Trader Tax Status

Discussion in 'Taxes and Accounting' started by whitetanman, Feb 16, 2007.

  1. I'm trying to weed through hundreds of various documents trying to get a definitive answer on losses.

    I will soon set up an LLC to trade, but for now I am just doing it out of my personal account.

    I have a full time job but still manage to trade 5-10 times a week. I am worried about not being able to deduct for losses, expensis (newsletters) and other associated costs of trading, if I am NOT officially a full time trader.

    Should I stop trading until I get the LLC set up, or will I be able to deduct full losses and expensis on my income tax as a part-timer?


  2. jessie


    You don't have to trade full time, BUT, you do have to be able to provide evidence that you are not primarily an "investor", and one of the principle tests used for that is whether you "attrmpt to profit from daily moves". You will have lots of people tell you that it is hard or impossible to qualify with a "day job", but that is simply not the case. It is a largely subjective decision on the part of the IRS, based on your trading patterns, size, etc (It would be a lot tougher with a $15,000 account trading one-lots). I have filed with trader status for about 8 years and have always had a "day job" as a college professor (psychology, not finance). I also have a CBOT membership, though, and trade a lot, but I have never had it questioned. Good luck!
  3. Jessie has a good point above. It is certainly possible to garner trader status with a full-time job outside of trading (and something like an exchange membership is a huge plus in his example).

    However, the majority of part-time traders I run across think all they need to do to "self-inflict" trader status is to declare themselves such or form some type of entity. In my opinion they don't have a chance in hell with the IRS.

    My advice would be to look up the IRS rules for qualifying as a trader (Topic 429 at, step back, and objectively look at your trading from their point of view. If you're someone who treats trading like a business, is active in it almost every day, trades almost every day or at least a few times a week, and pulls in a significant percentage of total income from trading then you've got a shot at it.
  4. With an entity (LLC) do you need to qualify for trader tax status to be able to deduct your LLC expenses (data fees, hardware/software fees, etc)?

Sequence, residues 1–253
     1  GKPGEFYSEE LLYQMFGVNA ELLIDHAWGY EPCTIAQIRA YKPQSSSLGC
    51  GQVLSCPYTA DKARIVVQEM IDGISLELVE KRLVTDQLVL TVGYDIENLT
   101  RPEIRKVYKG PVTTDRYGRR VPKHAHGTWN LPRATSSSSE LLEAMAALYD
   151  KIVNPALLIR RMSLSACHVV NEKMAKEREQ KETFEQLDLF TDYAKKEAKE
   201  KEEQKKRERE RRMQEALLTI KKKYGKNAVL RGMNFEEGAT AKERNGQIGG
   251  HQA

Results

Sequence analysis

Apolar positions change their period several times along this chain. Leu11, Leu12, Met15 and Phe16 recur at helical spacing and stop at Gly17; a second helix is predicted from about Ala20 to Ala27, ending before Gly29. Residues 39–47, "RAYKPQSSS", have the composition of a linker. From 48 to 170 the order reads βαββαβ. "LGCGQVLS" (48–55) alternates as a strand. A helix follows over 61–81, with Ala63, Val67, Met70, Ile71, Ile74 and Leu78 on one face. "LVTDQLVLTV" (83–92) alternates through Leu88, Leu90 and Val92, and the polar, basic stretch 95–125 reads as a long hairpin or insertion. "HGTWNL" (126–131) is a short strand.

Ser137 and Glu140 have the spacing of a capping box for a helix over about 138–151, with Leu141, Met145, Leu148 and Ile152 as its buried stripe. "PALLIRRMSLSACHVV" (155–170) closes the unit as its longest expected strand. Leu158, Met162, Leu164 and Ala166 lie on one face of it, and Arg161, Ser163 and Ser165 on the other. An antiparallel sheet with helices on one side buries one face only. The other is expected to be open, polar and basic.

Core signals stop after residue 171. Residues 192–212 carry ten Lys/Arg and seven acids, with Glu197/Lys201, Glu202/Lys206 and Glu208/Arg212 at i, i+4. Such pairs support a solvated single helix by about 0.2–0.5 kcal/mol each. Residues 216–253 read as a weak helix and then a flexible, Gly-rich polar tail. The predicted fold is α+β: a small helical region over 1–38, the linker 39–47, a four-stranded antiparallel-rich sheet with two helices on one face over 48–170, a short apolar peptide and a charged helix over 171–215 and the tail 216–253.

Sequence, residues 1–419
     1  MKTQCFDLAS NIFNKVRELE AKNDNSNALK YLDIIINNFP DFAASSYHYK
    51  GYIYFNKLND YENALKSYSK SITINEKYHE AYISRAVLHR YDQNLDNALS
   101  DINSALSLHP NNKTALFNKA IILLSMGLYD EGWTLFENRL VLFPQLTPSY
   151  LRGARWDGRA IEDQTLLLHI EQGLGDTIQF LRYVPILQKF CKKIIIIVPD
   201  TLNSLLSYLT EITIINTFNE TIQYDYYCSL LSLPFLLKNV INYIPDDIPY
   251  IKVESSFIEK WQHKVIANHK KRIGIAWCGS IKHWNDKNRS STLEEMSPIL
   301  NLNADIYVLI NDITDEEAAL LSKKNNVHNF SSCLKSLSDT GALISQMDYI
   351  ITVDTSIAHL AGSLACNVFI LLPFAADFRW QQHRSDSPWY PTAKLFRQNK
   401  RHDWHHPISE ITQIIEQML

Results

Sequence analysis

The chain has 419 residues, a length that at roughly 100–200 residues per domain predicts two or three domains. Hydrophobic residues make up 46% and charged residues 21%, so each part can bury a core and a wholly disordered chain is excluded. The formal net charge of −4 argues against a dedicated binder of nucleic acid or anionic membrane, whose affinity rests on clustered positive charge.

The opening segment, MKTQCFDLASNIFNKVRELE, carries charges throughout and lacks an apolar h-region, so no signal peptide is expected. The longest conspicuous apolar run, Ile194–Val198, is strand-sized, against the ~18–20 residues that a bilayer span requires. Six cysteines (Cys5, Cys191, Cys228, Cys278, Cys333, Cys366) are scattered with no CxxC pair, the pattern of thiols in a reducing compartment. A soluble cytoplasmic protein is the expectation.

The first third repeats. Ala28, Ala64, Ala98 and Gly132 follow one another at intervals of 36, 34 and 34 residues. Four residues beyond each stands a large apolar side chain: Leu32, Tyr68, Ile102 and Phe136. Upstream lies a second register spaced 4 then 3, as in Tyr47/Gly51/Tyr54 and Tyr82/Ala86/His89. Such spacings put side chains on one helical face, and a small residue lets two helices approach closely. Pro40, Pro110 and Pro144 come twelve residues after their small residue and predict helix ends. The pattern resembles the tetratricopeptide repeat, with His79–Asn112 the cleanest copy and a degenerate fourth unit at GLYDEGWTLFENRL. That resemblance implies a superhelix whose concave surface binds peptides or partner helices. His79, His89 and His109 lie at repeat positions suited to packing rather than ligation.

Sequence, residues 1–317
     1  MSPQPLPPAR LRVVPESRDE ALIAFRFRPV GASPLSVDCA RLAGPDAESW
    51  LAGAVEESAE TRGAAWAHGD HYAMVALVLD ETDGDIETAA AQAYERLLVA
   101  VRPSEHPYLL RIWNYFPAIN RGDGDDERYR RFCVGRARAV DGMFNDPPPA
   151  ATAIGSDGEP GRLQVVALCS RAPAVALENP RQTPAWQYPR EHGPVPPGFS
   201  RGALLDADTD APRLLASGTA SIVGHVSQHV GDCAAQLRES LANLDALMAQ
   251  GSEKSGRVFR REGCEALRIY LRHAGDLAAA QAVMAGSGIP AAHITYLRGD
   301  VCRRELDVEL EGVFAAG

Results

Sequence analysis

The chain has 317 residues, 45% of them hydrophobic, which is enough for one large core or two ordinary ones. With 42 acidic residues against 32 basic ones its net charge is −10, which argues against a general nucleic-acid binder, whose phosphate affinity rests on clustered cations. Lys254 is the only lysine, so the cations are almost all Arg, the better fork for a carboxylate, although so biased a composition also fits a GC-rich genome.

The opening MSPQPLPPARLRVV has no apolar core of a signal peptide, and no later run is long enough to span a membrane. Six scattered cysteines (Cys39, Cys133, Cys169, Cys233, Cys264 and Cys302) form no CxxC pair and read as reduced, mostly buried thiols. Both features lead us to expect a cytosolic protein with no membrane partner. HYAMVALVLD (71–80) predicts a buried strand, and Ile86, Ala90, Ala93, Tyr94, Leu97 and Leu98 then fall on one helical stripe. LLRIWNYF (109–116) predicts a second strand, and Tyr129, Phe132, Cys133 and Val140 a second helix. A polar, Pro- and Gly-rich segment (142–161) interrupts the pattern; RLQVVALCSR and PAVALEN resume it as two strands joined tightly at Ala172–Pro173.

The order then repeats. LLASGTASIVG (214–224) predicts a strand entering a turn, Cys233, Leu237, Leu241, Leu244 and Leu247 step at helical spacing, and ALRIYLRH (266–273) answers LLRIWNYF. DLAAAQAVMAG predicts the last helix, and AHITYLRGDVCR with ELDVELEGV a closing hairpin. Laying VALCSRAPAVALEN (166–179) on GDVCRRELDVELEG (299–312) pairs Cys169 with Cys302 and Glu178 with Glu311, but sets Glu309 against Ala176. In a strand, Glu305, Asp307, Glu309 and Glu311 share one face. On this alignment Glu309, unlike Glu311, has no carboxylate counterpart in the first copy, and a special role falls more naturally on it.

If you can deduct the LLC expenses without qualifying for trader tax status, then what is the benefit of trader tax status (for an LLC/entity)? Is it "just" the ability to treat losses as ordinary income?
  5. That's part of what I've been cautioning against - simply forming an entity to encapsulate your trading may not fly with the IRS. I can't form an LLC, make two trades a year, and write off $10 grand in trading expenses and hope to get away with it year after year (a gross example, but I know people not far removed from this).

    The LLC/entity route is typically good for two things, 1) shielding from potential liability (if you deal with clients/customers), and 2) converting trading profits into earned income for a retirement plan.

    If you're a "trader" in the IRS' eyes then just deduct your expenses off Schedule C. No need for the LLC/entity malarkey.

    Of course, some folks may have complicated scenarios that justify complicated setups. But most here I suspect could do with keeping it simple.

    Also, folks, get a lawyer if you're going to go this route and there's any doubt.
  6. LLCs also let you pool money....

    Assuming you're not doing something ridiculous (like your example) and you're only trading futures I don't see any benefit to trader tax status for an can write off the expenses and get to pass through section 1256 losses....although I guess if you don't have gains to offset them you lose the ability to offset ordinary earnings....
  7. I was worried that I would only be able to write off 3K in losses as a non-trader, and having a full time job made me worry that I would not be considered a full time trader, should I be audited several years down the road.

    Nothing worse than paying a lot of back taxes.

    I was also hoping to keep the money in the corporation until at a much later date, after having built up a lot more capital. Essentially, I'd like to use the power of that money to build more, rather than having to loose 30% all along the way.

    Thanks for the link to this site. I've read more than a few 'tax trader accounting' sites and I just never know what to believe.
  8. RobtF


    Are the losses current or from a prior year? Do you have loss carry forwards? You don't want to lose those.
  9. Let us know if you get a response from Robert Green.
    #10     Feb 21, 2007